Conventionally, a light or radiation image pickup apparatus has a light or radiation detector for detecting light or radiation. Light herein refers to infrared rays, visible light, ultraviolet rays, radiation, gamma rays and so on. An X-ray detector in particular will be described by way of example. As the X-ray detector, a flat panel detector (hereinafter called FPD) is in wide use which detects X-rays using an active matrix substrate. This is because the active matrix substrate is very useful in that X-ray detection values can be read on a pixel-by-pixel basis.

However, with the FPD using the active matrix substrate, time variation noises occurs as circuit noises. This is caused by noises or the like generating from wiring of the active matrix substrate or amplifier circuits. In order to remove these time variation noises, a method has been developed for removing the time variation noises from detection signals by calculating an average value of detection value, as time variation noises, acquired from areas at opposite ends of the FPD not used as pixels for X-ray detection, such as corrective pixel areas arranged in X-ray-shielded areas in a housing sealed with lead, for example.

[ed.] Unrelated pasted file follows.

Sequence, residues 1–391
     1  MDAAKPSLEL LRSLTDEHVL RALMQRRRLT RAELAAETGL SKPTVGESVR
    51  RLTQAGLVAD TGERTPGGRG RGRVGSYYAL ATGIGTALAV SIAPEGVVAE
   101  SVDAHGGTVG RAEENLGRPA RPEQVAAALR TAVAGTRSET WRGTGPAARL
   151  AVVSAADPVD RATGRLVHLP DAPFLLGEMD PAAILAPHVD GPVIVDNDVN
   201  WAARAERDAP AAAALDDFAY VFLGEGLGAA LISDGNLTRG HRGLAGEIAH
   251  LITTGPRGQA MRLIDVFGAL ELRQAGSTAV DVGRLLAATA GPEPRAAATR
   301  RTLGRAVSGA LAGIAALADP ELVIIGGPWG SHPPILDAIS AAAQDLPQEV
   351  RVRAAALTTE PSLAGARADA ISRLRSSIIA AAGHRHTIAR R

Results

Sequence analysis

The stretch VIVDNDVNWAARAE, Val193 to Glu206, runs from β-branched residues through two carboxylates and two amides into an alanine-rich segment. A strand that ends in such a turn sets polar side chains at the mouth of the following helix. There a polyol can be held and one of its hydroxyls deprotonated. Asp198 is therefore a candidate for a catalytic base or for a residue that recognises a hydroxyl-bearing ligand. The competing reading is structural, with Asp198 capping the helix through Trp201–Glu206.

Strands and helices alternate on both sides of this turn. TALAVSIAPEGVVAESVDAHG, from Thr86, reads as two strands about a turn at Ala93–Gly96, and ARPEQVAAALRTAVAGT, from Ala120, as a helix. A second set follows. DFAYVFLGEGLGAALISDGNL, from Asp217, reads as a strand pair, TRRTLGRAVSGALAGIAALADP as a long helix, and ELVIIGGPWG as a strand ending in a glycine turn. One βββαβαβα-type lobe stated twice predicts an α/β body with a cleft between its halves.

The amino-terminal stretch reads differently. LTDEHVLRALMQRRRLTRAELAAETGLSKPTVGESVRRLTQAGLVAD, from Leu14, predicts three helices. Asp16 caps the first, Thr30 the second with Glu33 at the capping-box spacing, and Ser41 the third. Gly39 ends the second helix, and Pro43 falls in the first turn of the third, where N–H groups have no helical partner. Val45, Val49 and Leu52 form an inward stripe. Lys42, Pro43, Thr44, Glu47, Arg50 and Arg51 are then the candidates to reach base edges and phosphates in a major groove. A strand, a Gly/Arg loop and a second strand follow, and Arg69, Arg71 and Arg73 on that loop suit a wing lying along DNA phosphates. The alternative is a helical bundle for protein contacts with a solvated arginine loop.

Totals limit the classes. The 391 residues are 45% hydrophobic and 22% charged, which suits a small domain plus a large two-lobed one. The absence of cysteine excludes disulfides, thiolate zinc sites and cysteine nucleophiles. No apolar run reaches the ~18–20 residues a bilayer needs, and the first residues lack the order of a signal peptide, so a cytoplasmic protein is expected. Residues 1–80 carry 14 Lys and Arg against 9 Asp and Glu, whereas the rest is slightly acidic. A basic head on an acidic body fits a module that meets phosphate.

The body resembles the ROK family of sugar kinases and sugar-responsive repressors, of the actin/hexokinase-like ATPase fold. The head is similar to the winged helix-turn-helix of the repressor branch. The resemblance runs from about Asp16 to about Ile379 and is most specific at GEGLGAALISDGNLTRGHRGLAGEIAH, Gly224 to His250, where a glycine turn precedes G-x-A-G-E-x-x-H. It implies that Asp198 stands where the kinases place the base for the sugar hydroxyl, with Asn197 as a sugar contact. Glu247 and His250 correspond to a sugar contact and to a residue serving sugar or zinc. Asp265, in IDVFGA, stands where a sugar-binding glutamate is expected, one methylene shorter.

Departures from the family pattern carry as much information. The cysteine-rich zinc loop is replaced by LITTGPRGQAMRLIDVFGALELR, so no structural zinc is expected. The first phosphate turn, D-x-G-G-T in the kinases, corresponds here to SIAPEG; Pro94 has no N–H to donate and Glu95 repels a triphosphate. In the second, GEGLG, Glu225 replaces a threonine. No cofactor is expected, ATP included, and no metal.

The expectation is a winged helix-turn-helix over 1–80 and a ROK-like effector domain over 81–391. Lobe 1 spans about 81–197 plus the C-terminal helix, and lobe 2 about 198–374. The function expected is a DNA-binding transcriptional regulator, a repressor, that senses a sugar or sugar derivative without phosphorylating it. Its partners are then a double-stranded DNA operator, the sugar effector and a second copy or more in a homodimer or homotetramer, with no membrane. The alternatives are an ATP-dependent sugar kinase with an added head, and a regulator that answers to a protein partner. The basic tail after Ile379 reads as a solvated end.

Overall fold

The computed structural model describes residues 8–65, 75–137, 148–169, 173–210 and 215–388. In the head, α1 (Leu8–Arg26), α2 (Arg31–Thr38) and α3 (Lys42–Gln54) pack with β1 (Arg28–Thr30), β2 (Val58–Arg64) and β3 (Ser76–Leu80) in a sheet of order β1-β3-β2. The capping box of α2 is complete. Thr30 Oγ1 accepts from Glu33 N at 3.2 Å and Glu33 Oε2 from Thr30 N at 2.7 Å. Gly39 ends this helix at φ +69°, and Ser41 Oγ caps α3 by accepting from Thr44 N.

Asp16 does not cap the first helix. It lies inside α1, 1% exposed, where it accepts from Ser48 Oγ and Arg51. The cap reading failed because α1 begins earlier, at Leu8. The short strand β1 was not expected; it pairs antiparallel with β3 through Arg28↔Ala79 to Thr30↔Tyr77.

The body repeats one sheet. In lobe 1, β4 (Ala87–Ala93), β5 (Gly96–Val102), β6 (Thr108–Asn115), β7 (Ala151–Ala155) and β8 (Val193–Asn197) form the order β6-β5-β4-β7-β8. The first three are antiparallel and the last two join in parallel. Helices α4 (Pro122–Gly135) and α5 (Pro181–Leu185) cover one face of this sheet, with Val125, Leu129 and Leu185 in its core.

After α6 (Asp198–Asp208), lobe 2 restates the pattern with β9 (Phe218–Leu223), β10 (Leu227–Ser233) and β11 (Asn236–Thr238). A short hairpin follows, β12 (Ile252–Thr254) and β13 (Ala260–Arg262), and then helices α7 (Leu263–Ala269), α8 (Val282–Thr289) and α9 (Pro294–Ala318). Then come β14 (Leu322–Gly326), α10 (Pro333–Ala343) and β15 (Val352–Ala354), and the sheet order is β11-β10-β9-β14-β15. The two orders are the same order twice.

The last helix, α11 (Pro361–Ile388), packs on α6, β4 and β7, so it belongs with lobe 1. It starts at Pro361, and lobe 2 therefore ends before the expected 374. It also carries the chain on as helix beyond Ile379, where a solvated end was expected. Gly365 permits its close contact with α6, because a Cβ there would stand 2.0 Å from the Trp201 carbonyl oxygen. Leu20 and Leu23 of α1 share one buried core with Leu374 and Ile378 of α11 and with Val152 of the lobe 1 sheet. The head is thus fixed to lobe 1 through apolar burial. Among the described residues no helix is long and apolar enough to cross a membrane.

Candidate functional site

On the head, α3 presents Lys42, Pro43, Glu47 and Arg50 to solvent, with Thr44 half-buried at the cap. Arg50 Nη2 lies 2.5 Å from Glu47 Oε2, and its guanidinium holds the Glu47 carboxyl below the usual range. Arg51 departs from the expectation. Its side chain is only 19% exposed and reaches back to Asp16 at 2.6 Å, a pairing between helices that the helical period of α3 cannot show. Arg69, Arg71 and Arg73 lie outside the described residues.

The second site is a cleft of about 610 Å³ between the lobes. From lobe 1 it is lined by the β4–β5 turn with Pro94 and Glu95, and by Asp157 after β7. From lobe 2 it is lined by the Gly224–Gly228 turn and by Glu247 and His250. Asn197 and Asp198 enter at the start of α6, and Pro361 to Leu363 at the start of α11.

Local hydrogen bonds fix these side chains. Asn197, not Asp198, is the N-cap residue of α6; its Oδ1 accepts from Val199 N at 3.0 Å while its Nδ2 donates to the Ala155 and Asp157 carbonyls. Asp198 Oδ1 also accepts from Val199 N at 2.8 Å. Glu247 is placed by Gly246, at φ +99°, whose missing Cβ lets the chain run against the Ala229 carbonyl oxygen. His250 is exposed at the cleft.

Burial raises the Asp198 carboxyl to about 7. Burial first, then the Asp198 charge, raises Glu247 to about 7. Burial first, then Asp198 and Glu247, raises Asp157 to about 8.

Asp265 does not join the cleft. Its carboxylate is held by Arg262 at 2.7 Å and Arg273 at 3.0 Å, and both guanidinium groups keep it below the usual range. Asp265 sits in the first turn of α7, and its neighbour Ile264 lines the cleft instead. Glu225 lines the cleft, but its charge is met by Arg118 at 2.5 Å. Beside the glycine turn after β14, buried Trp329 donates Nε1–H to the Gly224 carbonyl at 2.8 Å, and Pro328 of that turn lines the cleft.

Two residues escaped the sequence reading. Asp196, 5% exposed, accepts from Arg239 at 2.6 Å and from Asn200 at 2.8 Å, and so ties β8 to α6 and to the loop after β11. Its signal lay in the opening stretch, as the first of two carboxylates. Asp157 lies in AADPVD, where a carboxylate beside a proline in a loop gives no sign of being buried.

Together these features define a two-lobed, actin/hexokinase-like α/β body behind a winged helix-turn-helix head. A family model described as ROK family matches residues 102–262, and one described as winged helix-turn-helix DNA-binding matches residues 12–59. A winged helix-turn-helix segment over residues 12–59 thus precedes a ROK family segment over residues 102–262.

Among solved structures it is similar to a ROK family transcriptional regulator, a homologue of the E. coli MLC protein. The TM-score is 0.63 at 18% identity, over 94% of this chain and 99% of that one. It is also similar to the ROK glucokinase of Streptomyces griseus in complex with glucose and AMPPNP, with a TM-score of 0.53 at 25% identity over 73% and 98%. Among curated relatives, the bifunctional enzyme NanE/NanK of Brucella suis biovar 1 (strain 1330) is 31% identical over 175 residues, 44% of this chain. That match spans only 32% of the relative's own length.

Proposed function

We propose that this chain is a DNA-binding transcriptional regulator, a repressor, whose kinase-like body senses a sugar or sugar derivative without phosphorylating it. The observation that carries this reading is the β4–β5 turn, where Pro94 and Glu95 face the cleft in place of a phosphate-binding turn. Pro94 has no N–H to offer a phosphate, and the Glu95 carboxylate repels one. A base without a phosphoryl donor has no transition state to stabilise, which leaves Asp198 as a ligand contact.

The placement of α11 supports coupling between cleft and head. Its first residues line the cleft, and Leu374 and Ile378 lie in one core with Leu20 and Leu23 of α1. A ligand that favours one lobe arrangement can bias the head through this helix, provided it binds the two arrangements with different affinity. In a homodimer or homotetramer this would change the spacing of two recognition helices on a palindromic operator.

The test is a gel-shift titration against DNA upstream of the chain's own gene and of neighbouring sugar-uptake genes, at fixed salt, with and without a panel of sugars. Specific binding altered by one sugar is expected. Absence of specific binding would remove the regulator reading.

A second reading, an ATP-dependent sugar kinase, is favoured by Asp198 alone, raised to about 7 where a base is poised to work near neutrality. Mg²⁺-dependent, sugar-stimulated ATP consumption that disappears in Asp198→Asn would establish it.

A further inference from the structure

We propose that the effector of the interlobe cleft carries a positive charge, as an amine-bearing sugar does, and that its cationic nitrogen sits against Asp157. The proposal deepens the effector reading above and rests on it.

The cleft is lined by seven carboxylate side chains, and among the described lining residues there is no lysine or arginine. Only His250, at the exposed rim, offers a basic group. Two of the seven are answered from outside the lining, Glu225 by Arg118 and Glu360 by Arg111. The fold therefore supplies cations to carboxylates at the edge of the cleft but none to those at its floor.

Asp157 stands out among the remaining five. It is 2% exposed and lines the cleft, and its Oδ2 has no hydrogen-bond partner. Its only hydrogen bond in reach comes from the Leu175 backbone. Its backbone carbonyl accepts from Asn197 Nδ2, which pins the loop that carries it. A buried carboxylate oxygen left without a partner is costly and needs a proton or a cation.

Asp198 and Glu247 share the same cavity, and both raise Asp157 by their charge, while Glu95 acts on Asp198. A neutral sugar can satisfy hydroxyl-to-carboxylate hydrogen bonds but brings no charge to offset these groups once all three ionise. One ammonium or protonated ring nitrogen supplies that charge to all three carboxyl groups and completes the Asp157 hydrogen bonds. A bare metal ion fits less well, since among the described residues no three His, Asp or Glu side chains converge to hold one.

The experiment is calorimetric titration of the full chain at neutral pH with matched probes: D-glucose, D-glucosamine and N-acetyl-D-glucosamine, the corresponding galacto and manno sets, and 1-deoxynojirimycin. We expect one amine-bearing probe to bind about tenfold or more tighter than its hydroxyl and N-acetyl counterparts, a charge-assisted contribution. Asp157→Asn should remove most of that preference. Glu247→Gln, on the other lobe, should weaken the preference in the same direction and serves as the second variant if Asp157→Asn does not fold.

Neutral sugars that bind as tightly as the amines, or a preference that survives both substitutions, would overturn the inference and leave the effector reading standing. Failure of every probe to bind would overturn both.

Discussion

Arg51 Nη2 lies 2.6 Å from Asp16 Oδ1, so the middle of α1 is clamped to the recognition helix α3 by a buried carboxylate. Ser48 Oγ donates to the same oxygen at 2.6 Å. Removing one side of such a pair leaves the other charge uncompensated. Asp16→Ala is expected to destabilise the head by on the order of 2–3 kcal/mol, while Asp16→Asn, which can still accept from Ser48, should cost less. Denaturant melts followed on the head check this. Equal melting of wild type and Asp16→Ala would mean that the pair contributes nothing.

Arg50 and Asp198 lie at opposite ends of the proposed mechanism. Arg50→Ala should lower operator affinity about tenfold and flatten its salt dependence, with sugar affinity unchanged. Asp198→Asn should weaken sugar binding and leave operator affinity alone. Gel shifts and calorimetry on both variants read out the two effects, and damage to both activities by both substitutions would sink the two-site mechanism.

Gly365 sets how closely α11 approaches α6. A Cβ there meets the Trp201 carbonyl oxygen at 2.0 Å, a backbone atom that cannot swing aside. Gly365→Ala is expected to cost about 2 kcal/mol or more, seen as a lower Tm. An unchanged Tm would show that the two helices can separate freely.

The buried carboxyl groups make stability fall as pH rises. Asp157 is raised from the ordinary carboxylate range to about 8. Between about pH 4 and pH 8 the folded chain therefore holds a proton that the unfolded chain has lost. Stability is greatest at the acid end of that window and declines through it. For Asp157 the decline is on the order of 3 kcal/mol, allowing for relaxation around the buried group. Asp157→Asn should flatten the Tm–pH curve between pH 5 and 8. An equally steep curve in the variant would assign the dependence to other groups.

As disclosed in Patent Document 1, for example, radiation shielding is made perfect in the corrective pixel areas at opposite ends of the FPD by disconnecting thin-film transistor (TFT) circuits and an X-ray conversion layer, to detect time variation noises generating from the TFT circuits, and wiring of the active matrix substrate and the amplifier circuits.

[Patent Document 1]

Unexamined Patent Publication No. 2003-87656

DISCLOSURE OF THE INVENTION Problem to be Solved by the Invention

However, with the method disclosed in Patent Document 1, the TFT circuits and the radiation conversion layer must be disconnected in the corrective pixel areas at the opposite ends of the FPD, which forms a different step to an X-ray detecting area, requiring increased time and effort. When the TFT circuits in the corrective pixel areas have a defect, abnormal outputs of the TFT circuits will be detected as time variation noises. Further, since the TFT circuits and the radiation conversion layer must be disconnected, there arises a problem that X-ray detecting elements cannot be used as elements for correction.

This invention has been made having regard to the state of the art noted above, and its object is to provide a light or radiation image pickup apparatus which removes time variation noises accurately without being influenced by abnormal outputs of detecting elements sensitive to light or radiation in a corrective pixel area.

MEANS FOR SOLVING THE PROBLEM